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13 Responses to “Carpet Detective: My Hunt for a Chemical-Free Carpet”

  1. This is such a hard topic. Considering many of our exposures to toxic chemicals in the home are through building materials, it makes it a very expensive “fix” great to have this in one spot since many people ask about safer carpets. Thanks Lori!
    Lindsay recently posted..Chemical additives in food kept secretMy Profile

  2. I’ve never even heard of any of these brands – so thank you! Fortunately, only one room in our house is carpeted but we might redo the basement at some point so we’ll probably need carpet there.
    Micaela @MindfulMomma recently posted..Top Ways to Air Out Your Home For Spring #HealthierHomeMy Profile

  3. Non-toxic carpet is just really tough to come by. I think you are always better off with wood and area rugs if you can swing it. I do wonder about wool and how it’s treated in some of those brands.

  4. I think so too Betsy. Especially when you’re dealing with allergies. Over time we’ve removed some of the carpet in our home. There isn’t much left at this point.

  5. I had never heard of many of these brands either Micaela until I started doing my research. It’s nice to know there are non-toxic carpet options out there- not too many, but a few good choices.

  6. Thanks Lindsay. It’s frightening how toxic our indoor air can be. It’s always good to be educated before heading out to buy a carpet.

  7. Hi Lori,

    Thank you for this post. To make this even more difficult, the carpet (and rug) industry also has a poor record of social responsibility and fair trade. Do you know if any of these companies have committed to fair labor practices (US) or are certified fair trade (other countries). Thanks

  8. Thanks Maura. That’s an excellent question. After looking for a bit on their sites I’m not finding much.I just sent your question over to Earth Weave. I’ll let you know if I hear back.

  9. With any carpet you have to look what the back of the carpet is made of. Most are made of plastic and not the best adhesives. You want to look for a jute back and low toxic adhesives. I only know earth weave from your list. We have their carpet pad.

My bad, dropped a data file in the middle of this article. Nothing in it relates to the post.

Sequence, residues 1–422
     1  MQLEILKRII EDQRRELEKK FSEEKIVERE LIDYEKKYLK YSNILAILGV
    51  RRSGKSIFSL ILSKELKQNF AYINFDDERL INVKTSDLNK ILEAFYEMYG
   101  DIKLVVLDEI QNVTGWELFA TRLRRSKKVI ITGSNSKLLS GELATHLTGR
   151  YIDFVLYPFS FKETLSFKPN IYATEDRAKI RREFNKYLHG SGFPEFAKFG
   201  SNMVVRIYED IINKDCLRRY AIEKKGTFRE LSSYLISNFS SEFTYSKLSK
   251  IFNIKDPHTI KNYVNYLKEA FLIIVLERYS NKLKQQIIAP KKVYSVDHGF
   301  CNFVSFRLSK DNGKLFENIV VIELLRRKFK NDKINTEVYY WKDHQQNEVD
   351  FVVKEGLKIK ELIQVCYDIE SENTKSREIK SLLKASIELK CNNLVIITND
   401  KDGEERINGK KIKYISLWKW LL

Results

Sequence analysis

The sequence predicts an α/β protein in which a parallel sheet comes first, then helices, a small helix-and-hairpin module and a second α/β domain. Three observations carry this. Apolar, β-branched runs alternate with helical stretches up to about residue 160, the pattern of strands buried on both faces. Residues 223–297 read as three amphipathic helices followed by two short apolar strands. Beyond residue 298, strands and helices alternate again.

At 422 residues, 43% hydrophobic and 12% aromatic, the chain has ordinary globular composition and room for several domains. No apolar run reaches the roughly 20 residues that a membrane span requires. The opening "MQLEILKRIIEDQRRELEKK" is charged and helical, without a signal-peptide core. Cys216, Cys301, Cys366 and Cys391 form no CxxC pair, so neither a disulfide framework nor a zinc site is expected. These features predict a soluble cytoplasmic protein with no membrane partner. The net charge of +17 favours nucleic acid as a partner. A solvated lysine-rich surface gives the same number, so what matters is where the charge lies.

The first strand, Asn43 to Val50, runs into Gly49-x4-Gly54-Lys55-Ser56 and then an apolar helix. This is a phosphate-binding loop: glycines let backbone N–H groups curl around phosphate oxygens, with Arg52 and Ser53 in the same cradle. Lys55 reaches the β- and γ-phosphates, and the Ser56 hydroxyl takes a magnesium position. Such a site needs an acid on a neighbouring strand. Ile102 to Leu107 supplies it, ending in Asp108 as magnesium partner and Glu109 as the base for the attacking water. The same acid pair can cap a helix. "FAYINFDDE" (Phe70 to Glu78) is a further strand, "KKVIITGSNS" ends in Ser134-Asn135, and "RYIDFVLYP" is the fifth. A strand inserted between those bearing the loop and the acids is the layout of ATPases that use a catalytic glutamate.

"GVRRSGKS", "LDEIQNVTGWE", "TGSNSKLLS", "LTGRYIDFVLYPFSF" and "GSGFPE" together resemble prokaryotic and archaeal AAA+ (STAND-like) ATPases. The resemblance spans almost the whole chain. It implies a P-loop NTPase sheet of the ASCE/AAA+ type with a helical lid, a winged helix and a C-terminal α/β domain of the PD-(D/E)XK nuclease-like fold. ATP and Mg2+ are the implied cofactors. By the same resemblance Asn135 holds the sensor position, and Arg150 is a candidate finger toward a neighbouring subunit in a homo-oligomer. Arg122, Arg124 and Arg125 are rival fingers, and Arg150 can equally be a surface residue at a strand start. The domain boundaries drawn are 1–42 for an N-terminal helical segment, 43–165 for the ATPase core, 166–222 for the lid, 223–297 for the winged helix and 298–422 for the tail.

10. Very true Anna. Earth Weave has confirmed that they don’t use synthetic backing. The president emailed me with this: “I am not sure that it comes across in the article but the other manufacturers you listed all have synthetic backings (SBR – styrene butadiene) that are identical to those used in every other nylon, polypropylene or polyester carpets.”

  11. I enjoyed your article as this is a hot topic for my family. We are active duty military and our housing usually consists of carpet that is so old they don’t have dates for it or new carpet that causes my son and I to have asthma attacks. One thing I should point out is about the wool carpets you mentioned being allergen free. There is a growing population that is developing an allergy to lanolin, which is found in wool so these carpets could potentially be a very expensive way of finding that out.

  12. Thanks for the info Tonya. Many carpet stores let you take a sample home to test out. Maybe this would be a good way to determine if any allergies exist.

  13. Thank you for this post, I never considered what goes into a carpet to make it stain resistant and never thought about that “new carpet smell”. I did more research after reading this post and cannot believe all of the “stuff” that can be used in carpet, including polypropylene, stain and/or soil repellents, synthetic latex or vinyl backing, or carpate padding which could be made from urethane or PVC.

    Then, you have possible antimicrobial and anti-static treatments, dyes. Oi vey.

    Wool and Hemp carpets seem to be good alternatives in certain situations, and apparently, the carpet industry is answering these growing concerns with its own green label certification program.

    Again, thanks for the post. Really!
    Jeff Morgan recently posted..Why Most Roof Repair Work Should Be Left to Professionals!My Profile

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About Lori

I’m Lori Popkewitz Alper, a recovering attorney and the Founder of Groovy Green Livin. I like to make noise and stir the pot especially when an issue hits home and effects the health of our families. Join me as I make some noise and share along the way tips for living a green and healthy life. Read more.

Click HERE to contact Lori